Yul Moldauer realizes his Olympic ambition with strategy and attitude | By Martha Vickery (Summer 2021 issue)
“The 24-year-old was the only national title winner not named Mikulak between 2013 and this year,” one story declared, referring to Moldauer’s USA Olympic teammate Sam Mikulak, who with Brody Malone and Shane Wiskus competed this summer in the (late) 2020 Tokyo Olympics.
The one-year-late Olympics means the Paris 2024 summer Olympic Games are only three years away, instead of four, a fact that Moldauer considers with optimism now that the Tokyo Games are in the rear-view mirror.
Starting gymnastics at age seven, because his parents wanted a way for him to channel his abundant energy, Moldauer, a Korean adoptee, soon became a child gymnast. Then, he became a teen rising star in the sport. At age 16, he advanced to the U.S. Junior National team and got gold at the 2013 International Junior Mexican Cup.
At the University of Oklahoma, which has a top-ranked gymnastics program, he won the All-Around category at the National College Athletics Association (NCAA) Championships as a freshman. After that, he led Oklahoma to three straight national team titles and earned seven individual titles. In 2017, he took the U.S. Championships by winning the all-around title, and was a bronze medalist in the floor exercise.
In June 2021, he got the second-best overall score at the U.S. Olympic Gymnastics Team Trials, which automatically put him on the team.
The NBC Sports videos of Moldauer’s June Olympic Trials are a fun watch. Moldauer is all showmanship after each event, letting off a roar and a few claps and fist pumps, releasing clouds of chalk dust into the air. “He is a sticking machine,” one of the commentators says of his consistent ability to land a jump solidly on both feet. “Oh, come on!” the other commentator yells in disbelief as Moldauer soars over the vault, and flawlessly sticks the landing facing backwards.
“You are a madman, dude,” his teammate Sam Mikulak tells him, while high-fiving after Moldauer aces his elaborate and difficult ring routine.
Mikulak had to be talking about his teammate’s showmanship, not his personality. In a career that has a short window of time, going from International Junior champion to Olympic Trials in eight years is not a madman’s pace in the scheme of things. It is more like an uphill journey for this persistent and talented athlete who is now at the top of his career.
The men’s team acquitted itself excellently, although it did not return from the Tokyo Olympics with a medal. The team came in fifth; Russia (or Russian Olympic Committee (ROC) as it is referred to in the scorecards) got gold, Japan silver, and China bronze. Within about a point in the overall score were Great Britain fourth, and U.S. fifth. Moldauer contributed the second-highest overall point score for the U.S. men behind Mikulak.
The hard worker
In conversation, Moldauer is a rather serious and soft-spoken type, quite different than his stage persona. He describes his life in terms of personal best, and games of inches, the reality he has inhabited as a high school and college top-ranked athlete. During the six years between age 18 and the July Olympic games, his energy has been focused on getting himself to the Tokyo Olympics.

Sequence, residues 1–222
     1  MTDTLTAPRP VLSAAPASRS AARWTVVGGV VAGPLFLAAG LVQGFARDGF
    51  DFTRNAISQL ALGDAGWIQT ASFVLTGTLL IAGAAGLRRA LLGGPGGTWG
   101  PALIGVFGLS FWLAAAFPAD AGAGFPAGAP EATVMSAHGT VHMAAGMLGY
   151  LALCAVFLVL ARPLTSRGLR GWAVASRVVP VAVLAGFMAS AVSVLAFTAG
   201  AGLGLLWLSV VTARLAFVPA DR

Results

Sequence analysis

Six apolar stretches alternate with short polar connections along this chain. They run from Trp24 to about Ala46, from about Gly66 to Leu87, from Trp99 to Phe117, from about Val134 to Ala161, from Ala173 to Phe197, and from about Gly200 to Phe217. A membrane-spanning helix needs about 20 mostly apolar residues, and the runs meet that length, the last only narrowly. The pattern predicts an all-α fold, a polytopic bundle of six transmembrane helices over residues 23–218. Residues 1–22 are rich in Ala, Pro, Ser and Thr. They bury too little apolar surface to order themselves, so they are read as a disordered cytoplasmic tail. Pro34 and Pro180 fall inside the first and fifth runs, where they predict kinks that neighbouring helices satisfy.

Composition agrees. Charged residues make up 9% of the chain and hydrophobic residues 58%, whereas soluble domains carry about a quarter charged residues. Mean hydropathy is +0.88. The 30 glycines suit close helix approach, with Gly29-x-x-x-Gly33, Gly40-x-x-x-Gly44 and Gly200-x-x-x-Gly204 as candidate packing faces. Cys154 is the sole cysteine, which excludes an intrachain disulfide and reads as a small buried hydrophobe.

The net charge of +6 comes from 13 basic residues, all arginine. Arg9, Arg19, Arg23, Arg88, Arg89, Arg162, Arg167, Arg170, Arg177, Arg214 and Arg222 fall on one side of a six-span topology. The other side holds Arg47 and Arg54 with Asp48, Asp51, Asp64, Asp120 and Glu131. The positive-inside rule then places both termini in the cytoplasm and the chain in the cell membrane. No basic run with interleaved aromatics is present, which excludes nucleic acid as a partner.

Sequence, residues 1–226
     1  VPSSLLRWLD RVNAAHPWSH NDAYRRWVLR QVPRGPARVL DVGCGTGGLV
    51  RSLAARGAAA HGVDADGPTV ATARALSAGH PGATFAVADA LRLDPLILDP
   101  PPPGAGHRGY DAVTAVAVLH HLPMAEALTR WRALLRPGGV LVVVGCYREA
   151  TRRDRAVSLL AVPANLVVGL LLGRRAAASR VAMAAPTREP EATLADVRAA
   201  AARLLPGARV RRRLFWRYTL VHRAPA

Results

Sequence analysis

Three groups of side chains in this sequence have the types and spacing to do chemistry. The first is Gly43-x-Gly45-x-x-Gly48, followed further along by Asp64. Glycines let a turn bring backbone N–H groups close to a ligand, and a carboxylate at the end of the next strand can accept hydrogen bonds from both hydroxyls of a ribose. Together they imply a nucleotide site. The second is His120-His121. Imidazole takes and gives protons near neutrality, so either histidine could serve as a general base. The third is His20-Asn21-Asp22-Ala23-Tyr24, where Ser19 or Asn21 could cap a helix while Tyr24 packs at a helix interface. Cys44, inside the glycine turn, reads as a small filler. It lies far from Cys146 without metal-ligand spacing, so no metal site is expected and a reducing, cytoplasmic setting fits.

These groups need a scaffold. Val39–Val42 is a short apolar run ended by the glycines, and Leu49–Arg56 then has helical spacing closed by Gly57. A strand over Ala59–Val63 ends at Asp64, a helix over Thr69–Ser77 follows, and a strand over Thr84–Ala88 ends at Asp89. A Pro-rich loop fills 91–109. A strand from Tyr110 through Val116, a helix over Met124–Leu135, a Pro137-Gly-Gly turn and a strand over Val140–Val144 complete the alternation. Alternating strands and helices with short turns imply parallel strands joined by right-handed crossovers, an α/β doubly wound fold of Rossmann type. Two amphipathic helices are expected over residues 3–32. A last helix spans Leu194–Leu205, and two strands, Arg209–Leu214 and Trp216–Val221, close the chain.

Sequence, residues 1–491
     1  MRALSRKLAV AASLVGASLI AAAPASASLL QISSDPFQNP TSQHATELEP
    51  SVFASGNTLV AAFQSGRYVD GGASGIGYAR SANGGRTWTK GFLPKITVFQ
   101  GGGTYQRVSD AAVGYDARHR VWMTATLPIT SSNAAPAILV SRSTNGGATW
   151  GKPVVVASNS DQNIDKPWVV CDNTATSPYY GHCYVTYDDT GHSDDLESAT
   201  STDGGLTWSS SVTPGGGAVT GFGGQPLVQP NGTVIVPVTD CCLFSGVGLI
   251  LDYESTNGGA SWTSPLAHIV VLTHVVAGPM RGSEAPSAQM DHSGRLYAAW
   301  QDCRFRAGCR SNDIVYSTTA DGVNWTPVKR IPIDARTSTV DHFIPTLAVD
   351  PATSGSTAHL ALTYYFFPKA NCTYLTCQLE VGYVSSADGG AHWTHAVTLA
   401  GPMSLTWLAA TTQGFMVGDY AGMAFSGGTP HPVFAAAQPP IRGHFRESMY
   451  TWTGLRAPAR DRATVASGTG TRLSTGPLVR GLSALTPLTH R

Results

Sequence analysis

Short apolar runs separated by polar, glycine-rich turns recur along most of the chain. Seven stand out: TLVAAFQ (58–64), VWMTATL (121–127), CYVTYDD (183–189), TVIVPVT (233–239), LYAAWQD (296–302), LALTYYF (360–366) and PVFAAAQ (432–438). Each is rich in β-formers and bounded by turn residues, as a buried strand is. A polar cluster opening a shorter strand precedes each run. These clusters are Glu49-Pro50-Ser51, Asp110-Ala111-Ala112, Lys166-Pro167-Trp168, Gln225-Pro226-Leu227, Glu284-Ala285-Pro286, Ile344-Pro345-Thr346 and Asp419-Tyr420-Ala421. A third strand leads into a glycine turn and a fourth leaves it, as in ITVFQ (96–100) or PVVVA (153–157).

People always said to him ‘you could go far in this sport,’ he said, but it took awhile to see it on the horizon. “When I was about 10, I watched my teammate Alexander Artemev compete in the Olympics where they won a bronze medal, and I remember …saying to myself that I wanted to do that one day.” At age 18, he said, it began to look like it could happen.
In 2016, Moldauer went to the Olympic trials as a sophomore in college, probably the youngest contestant there, he guessed. That experience reinforced his dream. “I remember telling myself that I wanted to be a person actually contending to be on the team, not just a kid trying to get the experience.”
And then, he said, “there’s a certain time period where you figure you really need to work hard. You think ‘this is my chance. I’m going to do everything I can.’” That happened in the last couple years leading up to the Tokyo Olympics. But there were bumps and swerves along the road to get there.
Embrace the grind
Moldauer’s favorite expression is “Embrace the grind.” That says a lot about the reality of being at the top of a sport. There is fun teamwork involved, and moments of excitement. There are also plenty of long days of grinding away at strength training, cardio training, and practicing the same move over and over again. There are exciting things going on – activities with friends, events, staying out late — that athletes have to pass up. The work becomes too demanding to spend time on other things. In addition to workouts, sleep, food, hydration, and rehabbing the body from small injuries are all part of the workload.
“We have no off season,” Moldauer said. “Summer can be even more difficult than the competition season. You are conditioning more, you are trying new skills, you have to keep your endurance up. It is like playing a chess game. What move are you going to take to win this game?”
Gymnastics in the time of pandemic
As soon as he heard the gyms would shut down, Moldauer was texting his coach at the University of Oklahoma. “I asked if I could grab some stuff from the gym — a set of weights and some parallettes [portable parallel bars used for training],” he said, “and I said by the way, I need a [pommel] horse in my garage – just jokingly.” His coach was also doing some creative problem solving. “A couple days later, he texted and said ‘I know a guy willing to loan you a horse for your garage.’”